Rahm Emanuel’s announcement that the Fisk coal-fired power plant in the Pilsen neighborhood and Crawford coal plant in Little Village would shut down was validation for community residents. But now residents face a new challenge – influencing what happens next.
Rahm Emanuel’s February 29 announcement that the Fisk coal-fired power plant in the Pilsen neighborhood and Crawford coal plant in Little Village would shut down was validation for community residents and groups like the Pilsen Environmental Rights and Reform Organization, or PERRO.
“The plants closing is like a dream come true,” said PERRO member Leila Mendez, at a community meeting convened by PERRO last night at the Pilsen branch library. Mendez was diagnosed with a tumor that doctor’s linked to Pilsen air pollution.
But now Pilsen and Little Village residents face a new challenge – influencing what happens next. The two main issues: if Midwest Generation will fully clean up, or remediate, the site; and what replaces the plants.
The clock is especially running on the Fisk site, which Midwest Generation must shut down by December 31, and may elect to close earlier. Last night’s meeting focused on Fisk.
“It’s a really exciting time, but it’s also a really tense time,” PERRO organizer Jerry Mead-Lucero said. “We are trying so hard not to be caught off guard right now and get community development right away. We need to make sure there is a serious community process.”
The announcement to shut down the plants – Fisk this year, and Crawford by 2014 – came after years of pressure from community groups as well as national environmental organizations like the Sierra Club.
It also followed growing public sentiment for reigning in polluters. An American Lung Association survey released Wednesday found that, nationally, 73 percent of likely voters support protecting public health through stronger air quality standards.
But if the solution that Fisk must shut down became increasingly clear, the plan for what happens to the site, and the Crawford site, is cloudy.
Emanuel has not released the agreement made between the city and Midwest Generation.
What Emanuel has done is vow that out of the Fisk site – still mainly owned by Midwest Generation parent Edison Electrical Institute – will arise economic development and job creation.
The mayor said March 8 that the Sierra Club and the Chicago-based Joyce Foundation would give $50,000 each to fund the redevelopment process. And the Delta Institute, a Chicago non-profit that touts its work cleaning up and also redeveloping polluted sites, would produce a final report.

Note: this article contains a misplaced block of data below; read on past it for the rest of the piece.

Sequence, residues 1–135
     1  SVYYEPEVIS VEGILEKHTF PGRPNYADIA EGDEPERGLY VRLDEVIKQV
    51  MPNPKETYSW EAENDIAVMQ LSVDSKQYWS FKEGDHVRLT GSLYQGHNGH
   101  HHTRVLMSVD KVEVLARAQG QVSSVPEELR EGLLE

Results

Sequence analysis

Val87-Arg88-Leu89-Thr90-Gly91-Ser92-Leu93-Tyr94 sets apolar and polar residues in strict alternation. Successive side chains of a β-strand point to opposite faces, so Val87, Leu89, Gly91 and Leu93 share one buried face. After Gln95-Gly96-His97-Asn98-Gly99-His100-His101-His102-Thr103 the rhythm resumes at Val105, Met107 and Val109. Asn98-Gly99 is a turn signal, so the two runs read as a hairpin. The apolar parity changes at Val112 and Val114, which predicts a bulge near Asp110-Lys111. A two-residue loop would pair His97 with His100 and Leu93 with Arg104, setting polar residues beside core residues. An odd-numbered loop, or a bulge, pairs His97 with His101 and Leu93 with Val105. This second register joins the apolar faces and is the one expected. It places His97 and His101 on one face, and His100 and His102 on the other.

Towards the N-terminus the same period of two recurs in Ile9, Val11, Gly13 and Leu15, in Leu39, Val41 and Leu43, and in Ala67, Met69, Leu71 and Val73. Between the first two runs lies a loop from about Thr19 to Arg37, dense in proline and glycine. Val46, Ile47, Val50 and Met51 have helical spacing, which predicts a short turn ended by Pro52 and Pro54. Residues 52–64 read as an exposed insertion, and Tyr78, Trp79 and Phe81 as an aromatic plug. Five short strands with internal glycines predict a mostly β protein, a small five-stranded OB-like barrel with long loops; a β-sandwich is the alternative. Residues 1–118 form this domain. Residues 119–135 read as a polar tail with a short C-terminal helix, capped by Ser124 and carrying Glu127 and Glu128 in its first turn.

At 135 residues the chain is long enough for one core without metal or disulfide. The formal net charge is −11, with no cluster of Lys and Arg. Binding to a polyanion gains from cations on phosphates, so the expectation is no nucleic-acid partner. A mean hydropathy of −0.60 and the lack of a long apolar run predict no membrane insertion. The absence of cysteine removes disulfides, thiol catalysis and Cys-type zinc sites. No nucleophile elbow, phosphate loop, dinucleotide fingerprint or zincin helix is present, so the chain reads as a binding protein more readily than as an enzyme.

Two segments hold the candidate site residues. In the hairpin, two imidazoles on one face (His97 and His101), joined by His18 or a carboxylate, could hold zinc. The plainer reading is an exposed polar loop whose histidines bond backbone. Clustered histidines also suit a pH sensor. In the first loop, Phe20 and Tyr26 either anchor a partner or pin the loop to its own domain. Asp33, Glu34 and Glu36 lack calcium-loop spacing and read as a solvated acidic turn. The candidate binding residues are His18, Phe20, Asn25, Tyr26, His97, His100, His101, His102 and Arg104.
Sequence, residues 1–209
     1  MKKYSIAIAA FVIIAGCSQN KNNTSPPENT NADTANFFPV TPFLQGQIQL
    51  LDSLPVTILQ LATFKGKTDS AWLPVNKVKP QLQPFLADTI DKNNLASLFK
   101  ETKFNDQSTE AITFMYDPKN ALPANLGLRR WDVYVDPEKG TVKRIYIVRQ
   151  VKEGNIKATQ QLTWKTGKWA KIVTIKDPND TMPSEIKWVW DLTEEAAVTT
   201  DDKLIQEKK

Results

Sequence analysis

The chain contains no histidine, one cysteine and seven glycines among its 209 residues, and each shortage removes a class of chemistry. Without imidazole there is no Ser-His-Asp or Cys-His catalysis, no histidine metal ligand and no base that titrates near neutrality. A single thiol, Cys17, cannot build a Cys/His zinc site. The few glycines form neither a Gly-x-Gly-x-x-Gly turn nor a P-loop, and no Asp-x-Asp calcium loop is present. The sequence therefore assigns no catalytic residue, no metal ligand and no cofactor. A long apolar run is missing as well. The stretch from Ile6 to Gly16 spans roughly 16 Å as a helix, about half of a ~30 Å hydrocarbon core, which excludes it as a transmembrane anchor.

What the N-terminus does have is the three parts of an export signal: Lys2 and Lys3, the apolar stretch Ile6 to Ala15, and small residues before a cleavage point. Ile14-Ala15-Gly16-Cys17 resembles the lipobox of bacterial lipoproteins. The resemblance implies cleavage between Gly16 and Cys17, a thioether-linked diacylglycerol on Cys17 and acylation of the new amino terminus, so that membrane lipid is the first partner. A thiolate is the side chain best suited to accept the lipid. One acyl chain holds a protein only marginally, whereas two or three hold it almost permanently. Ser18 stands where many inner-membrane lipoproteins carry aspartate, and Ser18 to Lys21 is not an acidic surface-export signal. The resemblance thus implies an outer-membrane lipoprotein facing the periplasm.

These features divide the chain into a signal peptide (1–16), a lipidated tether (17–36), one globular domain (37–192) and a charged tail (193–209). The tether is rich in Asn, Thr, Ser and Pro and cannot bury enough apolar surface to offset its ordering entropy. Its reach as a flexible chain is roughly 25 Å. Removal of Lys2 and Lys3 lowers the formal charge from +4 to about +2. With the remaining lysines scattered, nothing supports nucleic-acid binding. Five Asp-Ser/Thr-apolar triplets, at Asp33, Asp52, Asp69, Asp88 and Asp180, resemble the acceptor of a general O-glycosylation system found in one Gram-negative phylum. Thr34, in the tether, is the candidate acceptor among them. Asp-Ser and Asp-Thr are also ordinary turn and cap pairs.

Emanuel also announced both a community advisory council and a task force to look at the Fisk, and also, Crawford sites. Tom Alexander, a spokesman for the mayor, says there are no details yet as to who will be on these committees, or when they will meet. “This is still in progress,” Alexander says.
Christine Nanicelli, a “Beyond Coal” organizer at the Sierra Club, also said that little has been determined. “There is a still a lot to unfold in this process,” Nanicelli says.
“All of the site cleaning is to be determined and will presumably be discussed,” Nanicelli adds. “We are looking toward the community and what will be in their best interests.”
Community members at last night’s meeting were concerned if they will get an audience to express their interests.
Mead-Lucero pointed out that PERRO along with Pilsen Alliance, the Little Village Environmental Justice Organization, and the Bridgeport Alliance would all probably get a seat – along with Midwest Generation and the Environmental Law Policy Center – on the community advisory council.
But Mead-Lucero worried that this task force, not the community advisory council, is, “where the muscle will probably be.”
Mead-Lucero also indicated that Midwest Generation could close the Fisk plant as soon as September, prompting fears that Emanuel and Midwest Generation “have some solutions, in quotes, rammed down the community’s throat,” according to PERRO member Dorian Breuer.
More specific concerns would be if Midwest Generation or a new owner would clean up the Fisk and Crawford sites. Also – what will come into the site? The city has zoned Fisk as a planned manufacturing district, but many community members expressed fears that overpriced condos could come into a gentrifying neighborhood.
Other attendees worried that nothing at all would come into the site, and it would become fenced up and deserted.
Nelson Soza, executive director of the Pilsen Alliance, also expressed fears of “luxury condos that would price most people out of the neighborhood.”
But Soza was excited about his group’s likely role on a community advisory council. “We are excited to be sitting at the table instead of sitting on the outside,” Soza says.